Now, as for the smell of the smell πŸ˜†… The frankincense “family” (which includes resins that might not belong to the same biologically correct use of family, hence the quotation marks) is mostly “airy”. Somewhat sweet but also a bit “acidic”. Frankincense itself balances well between the two attributes, but copal is sweeter, while sandrac is more acidic. I’d say the latter smells like you added lots of lemon in the frankincense 🀣. So, no, nothing like patchouli, which smells like moist earth. Also, patchouli’s smell is strong and heavy, but it doesn’t remain for half as long as frankincense.

        Oh! yes! It must be, frankincense that is, a manly odour, too, as it is used in many men’s perfumes. There are some that practically have nothing but (synthetic) frankincense, actually. Also, incidently, it is considered an aphrodisiac smell. Personally, I like it, but wouldn’t go that far πŸ™„ [You can find it in women’s perfumes, too, but usually just traces, and it’s used there for stabilising and harmonising the perfume – it’s its chemistry there more important that the actual smell]

        Finally, this kind of trees and bushes are quite common on earth – or, at least used to be – but mostly in warm climate. For what I know it’s used a lot in traditional Chinese medicine, and as an incense, there. India, too. Ancient Egypt used to use it, in mixes, but their main ingredient would be myrrh. Ancient Greek also used it, a lot. Orpheus suggests it for almost all gods and suggests only this for some of the gods. So, it wouldn’t be odd, in my opinion of course, if another world has something quite similar.

        Liked by 1 person

  • D. Wallace Peach

    Fascinating, Andrea. Your research is amazing. My had used to make “torch-like” contraptions for when we were camping in the boonies. He’d mix bacon fat with sawdust (dry crumbled wood, basically) in a tin can. The thing would burn forever, but was super smoky. I’ll have to do that with the grandson… a fun project. I’ll tell him the iVokh inspired it. πŸ™‚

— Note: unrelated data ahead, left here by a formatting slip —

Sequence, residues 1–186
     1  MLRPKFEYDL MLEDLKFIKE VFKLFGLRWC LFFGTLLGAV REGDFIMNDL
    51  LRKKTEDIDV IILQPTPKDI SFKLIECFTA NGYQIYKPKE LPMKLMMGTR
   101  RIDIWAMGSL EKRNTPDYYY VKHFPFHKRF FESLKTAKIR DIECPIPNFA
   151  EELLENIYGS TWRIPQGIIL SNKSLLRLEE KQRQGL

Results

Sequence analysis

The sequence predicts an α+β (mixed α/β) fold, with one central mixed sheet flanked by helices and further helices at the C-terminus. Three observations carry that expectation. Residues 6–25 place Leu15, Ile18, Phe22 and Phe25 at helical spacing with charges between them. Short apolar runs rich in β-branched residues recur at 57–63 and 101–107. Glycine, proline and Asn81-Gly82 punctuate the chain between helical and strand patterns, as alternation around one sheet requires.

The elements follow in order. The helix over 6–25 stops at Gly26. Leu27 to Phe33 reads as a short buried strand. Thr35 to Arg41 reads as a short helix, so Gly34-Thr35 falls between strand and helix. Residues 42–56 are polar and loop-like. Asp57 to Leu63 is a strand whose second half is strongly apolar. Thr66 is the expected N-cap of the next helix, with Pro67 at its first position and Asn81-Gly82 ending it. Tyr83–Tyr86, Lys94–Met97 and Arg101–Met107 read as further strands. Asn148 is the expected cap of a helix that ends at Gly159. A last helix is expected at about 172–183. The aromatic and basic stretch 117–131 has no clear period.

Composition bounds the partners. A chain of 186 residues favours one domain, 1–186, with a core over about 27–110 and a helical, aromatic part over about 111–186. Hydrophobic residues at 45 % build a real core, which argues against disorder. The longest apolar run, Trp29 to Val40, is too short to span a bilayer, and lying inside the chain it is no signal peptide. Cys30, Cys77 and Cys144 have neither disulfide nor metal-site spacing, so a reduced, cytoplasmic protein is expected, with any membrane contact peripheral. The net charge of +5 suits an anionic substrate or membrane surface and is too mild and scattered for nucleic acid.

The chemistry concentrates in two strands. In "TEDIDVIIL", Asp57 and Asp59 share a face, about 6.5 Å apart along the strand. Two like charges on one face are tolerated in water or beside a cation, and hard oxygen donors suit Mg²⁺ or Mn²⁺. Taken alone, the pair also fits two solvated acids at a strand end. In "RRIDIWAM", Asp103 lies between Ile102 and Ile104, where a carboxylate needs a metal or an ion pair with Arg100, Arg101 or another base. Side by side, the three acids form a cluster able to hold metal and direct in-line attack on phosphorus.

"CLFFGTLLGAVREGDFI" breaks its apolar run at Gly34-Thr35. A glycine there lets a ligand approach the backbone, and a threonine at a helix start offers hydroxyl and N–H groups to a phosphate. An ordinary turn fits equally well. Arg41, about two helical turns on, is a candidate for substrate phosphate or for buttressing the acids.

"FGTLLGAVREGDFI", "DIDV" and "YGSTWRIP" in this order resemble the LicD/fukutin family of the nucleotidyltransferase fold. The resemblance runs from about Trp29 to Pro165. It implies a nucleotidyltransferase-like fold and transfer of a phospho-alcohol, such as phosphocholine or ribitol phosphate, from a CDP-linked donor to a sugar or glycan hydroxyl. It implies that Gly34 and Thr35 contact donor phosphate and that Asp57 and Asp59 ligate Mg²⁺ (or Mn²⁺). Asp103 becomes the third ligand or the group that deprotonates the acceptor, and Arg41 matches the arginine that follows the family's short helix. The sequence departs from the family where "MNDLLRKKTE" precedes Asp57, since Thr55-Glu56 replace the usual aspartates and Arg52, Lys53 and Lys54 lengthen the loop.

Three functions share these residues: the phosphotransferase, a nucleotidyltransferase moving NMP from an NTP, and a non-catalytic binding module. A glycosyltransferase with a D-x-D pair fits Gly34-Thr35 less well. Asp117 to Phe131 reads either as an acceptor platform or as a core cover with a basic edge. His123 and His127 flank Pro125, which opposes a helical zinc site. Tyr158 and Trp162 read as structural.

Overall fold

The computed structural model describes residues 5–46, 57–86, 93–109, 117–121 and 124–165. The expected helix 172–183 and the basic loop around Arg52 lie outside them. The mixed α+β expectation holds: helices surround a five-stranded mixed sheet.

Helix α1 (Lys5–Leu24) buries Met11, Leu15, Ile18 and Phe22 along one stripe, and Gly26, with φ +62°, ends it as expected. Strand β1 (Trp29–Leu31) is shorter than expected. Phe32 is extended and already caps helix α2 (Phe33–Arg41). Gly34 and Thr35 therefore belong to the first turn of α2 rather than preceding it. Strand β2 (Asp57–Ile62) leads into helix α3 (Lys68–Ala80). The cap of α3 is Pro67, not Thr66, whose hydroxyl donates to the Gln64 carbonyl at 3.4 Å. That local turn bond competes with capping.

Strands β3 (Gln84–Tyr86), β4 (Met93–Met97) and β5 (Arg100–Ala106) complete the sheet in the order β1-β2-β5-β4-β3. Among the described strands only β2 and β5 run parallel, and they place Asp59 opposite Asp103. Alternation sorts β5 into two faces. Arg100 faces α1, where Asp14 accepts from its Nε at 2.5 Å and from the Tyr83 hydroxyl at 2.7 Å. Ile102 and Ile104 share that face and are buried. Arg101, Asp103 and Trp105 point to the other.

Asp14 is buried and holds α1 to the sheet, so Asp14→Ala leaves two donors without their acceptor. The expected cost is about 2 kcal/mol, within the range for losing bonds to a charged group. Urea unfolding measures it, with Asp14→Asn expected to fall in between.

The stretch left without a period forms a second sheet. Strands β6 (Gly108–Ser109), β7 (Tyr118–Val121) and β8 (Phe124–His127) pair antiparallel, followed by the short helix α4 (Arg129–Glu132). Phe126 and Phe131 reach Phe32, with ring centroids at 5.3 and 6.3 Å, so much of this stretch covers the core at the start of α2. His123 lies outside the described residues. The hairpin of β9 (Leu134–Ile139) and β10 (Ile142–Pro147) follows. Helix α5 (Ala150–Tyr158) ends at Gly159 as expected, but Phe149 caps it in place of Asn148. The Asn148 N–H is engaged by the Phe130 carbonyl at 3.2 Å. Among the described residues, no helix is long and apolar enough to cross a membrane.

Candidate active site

Liked by 1 person

    • acflory

      Oh! Thank you. You’ve just given me another way of making light. Fat would be just as easy for the iVokh to source, well, the eyriebound ones anyway. I’ll keep this technique in reserve for a scene that requires a smoky outcome. πŸ˜€ πŸ˜€
      And I’d be honoured to have your grandson make an iVokh inspired torch. πŸ˜€

      Liked by 1 person

  • dumbestblogger

    Very useful information here. I may be a bit of a pyromaniac.

    Liked by 2 people

  • robertawrites235681907

    An interesting post, Meeks. I did know about rosin for violins but not for making torches. Great research.

    Liked by 2 people

  • ChrisJamesAuthor

    Really interesting video, thanks! Amazing stuff, that.

    Totally agree re WP – they have to keep changing it for the folks doing everything on mobile phones and it drives me nuts, too *hugs*

    Liked by 3 people

  • CarolCooks2

    I’m with Chel on a jungle trip for the Happiness Engineers …

    Liked by 3 people

  • Audrey Driscoll

    There is a workaround for the Preview thing: You bring up the default Preview pane. In its top right corner is a Visit Site button. If you right click on that, the preview opens up in a new tab. Then you just close the Preview pane in your Edit Post tab and edit away, flipping to the preview in the separate tab, which you can refresh to show your editing changes.

    Liked by 5 people

  • Chel Owens

    Let’s send the Happiness Engineers out to the jungle and see if they can successfully make a torch…

    Would the iVokh have clay vessels? Any access to reeds or strange animals with useful body parts besides a horn (although that’s a great idea)?

    Liked by 2 people